Mt. Hood National Forest
U.S. Forest Service
16400 Champion Way
Sandy, OR 97055
The Eagle Creek Fire has now merged with Indian Creek Fire. As of Thursday morning, 9/7/17, the Indian Creek Fire Inciweb site will no longer be updated regularly. The Eagle Creek Fire Inciweb site is being updated. For detailed information on the Eagle Creek Fire go to https://inciweb.nwcg.gov/incident/5584/.
The Indian Creek Fire started on July 4 near 7 1/2 Mile Camp by Eagle Creek Trail #440, in the Mark O. Hatfield Wilderness on the Mt. Hood National Forest. Firefighters hiked into the area by way of Eagle Creek Trail, and found that the fire was burning west of Eagle Creek in deep duff on steep slopes covered by loose rock. It was determined to be unsafe for firefighters to work directly on the fire.
Water drops from helicopters and airplanes have been used since July 4 to cool the fire and reduce the rate of spread. The water drops, sometimes over 100,000 gallons in a day, raise the humidity and fuel moisture in the fire area. The fire held at 83 acres for much of August.
From July 28 to August 16, a National Incident Management Organization (NIMO) Team managed the fire. This team coordinated the collection of information on potential control lines if the fire spreads, resource needs to prepare these lines, Management Action Points (MAPS) that would trigger a change in fire management, and more. On August 16, a Type 3 organization assumed command of the Indian Creek Fire. The Type 3 organization continued to work on the fire, utilizing the plans developed by the NIMO Team.
Crews assigned to the fire were observing the fire and conducting reconnaissance for areas where fireline could safely and effectively be constructed. They also collected weather observations to help predict the fire behavior and smoke movement.
Starting around August 18, spells of warmer, drier weather caused the fire to become more active. As of August 23, the fire had grown to 293 acres. By early September 2, the acreage had increased to 373 acres. The afternoon of September 2 aircraft, including "medium" helicopters, were diverted from the Indian Creek Fire to help with the new Eagle Creek Fire. They helped search for hikers and campers near the fires, and dropped water to try to slow the spread of Eagle Creek Fire.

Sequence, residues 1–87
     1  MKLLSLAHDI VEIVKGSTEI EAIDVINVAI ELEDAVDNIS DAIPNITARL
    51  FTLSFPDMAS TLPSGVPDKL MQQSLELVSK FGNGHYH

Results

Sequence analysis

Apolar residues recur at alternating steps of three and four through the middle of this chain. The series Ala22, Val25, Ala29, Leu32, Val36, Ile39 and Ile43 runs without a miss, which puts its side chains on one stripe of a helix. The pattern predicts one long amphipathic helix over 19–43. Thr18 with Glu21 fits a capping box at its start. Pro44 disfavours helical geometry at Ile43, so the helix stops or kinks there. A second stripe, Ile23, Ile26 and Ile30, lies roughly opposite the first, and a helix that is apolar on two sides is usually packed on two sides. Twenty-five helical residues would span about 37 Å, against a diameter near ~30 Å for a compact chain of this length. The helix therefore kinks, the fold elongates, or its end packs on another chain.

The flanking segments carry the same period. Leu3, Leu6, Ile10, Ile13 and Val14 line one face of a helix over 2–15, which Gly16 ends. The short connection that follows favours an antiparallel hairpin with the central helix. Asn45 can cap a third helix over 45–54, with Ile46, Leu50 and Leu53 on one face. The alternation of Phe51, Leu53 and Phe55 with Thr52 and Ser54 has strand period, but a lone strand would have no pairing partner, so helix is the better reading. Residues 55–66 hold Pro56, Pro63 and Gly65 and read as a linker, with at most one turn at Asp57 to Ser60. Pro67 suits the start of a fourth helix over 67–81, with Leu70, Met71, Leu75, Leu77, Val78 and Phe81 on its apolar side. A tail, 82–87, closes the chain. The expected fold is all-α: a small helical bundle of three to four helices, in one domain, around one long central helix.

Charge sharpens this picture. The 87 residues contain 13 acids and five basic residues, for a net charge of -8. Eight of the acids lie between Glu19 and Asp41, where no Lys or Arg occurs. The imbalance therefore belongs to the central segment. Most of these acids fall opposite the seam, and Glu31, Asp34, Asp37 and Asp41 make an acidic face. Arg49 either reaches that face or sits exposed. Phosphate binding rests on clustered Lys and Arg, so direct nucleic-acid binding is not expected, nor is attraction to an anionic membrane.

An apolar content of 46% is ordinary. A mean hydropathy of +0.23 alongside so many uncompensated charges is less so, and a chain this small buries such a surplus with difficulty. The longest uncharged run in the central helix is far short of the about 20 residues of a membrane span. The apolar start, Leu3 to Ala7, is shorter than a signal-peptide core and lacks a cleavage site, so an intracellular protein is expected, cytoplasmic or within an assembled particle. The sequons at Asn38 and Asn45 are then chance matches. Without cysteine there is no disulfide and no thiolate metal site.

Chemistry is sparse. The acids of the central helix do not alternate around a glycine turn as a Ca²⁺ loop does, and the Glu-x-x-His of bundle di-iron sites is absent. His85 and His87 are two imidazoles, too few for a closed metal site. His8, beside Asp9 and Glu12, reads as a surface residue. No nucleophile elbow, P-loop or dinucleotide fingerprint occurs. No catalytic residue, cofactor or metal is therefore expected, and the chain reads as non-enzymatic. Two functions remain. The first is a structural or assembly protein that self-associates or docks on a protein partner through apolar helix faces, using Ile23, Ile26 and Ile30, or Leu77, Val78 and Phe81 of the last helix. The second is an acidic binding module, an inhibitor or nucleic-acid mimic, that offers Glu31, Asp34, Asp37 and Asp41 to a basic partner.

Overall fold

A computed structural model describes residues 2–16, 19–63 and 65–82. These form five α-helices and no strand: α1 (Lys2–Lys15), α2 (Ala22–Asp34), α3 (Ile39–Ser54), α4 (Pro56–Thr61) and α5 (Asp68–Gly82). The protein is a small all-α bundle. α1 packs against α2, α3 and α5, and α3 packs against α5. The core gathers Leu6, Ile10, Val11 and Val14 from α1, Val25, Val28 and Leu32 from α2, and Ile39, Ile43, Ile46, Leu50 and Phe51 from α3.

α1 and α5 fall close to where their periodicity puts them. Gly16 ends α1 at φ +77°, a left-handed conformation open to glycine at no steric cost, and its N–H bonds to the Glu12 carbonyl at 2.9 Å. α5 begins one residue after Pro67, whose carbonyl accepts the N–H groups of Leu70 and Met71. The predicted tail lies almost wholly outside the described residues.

On September 2, the crew and security officers assigned to Indian Creek Fire helped locate hikers and campers in the vicinity of the Eagle Creek Fire. They provided assistance to a large group of people stranded above the new fire, led them to a safer location for the night, and helped them hike out to Wahtum Lake in the morning. The crew also diverted PCT hikers to Wahtum Lake for transportation past the fire. Buses transported the hikers back to their vehicles at Eagle Creek Trailhead or to the PCT trailhead by Cascade Locks.
On September 4, a Type 2 Incident Command Team assumed command of Indian Creek Fire and Eagle Creek Fire. On September 5, the fires merged and are now being managed as the Eagle Creek Fire.
Please see the Multnomah County Sheriff's Department site at https://www.mcso.us/site/ , the Hood River County Sheriff's Department site at http://www.hoodriversheriff.com/ and http://skamaniasheriff.com/ for the latest updates on evacuations.
I-84 is closed from Troutdale (MP 17) to Hood River (MP 64). Check TripCheck at https://www.tripcheck.com/ for the latest road status. Trail and area closures expanded and currently include: Pacific Crest National Scenic Trail from Lolo Pass to Cascade Locks, Eagle Creek Trail, Herman Creek, Wyeth, Benson Plateau, Ruckel Creek, Tanner Butte, Moffet Creek and related spurs. The road to Wahtum Lake is also closed. This closure is expanding to cover the fire growth.
|Current as of|
|Date of Origin||Tuesday July 04th, 2017 approx. 05:36 PM|
|Location||Eagle Creek Trail System|
|Coordinates||45.581 latitude, -121.852 longitude|
|Estimated Containment Date||Monday October 30th, 2017 approx. 12:00 PM|
Timber (litter & understory)
Eagle Creek Fire has merged with Indian Creek Fire. Updates are being made to the Eagle Creek Fire Inciweb site.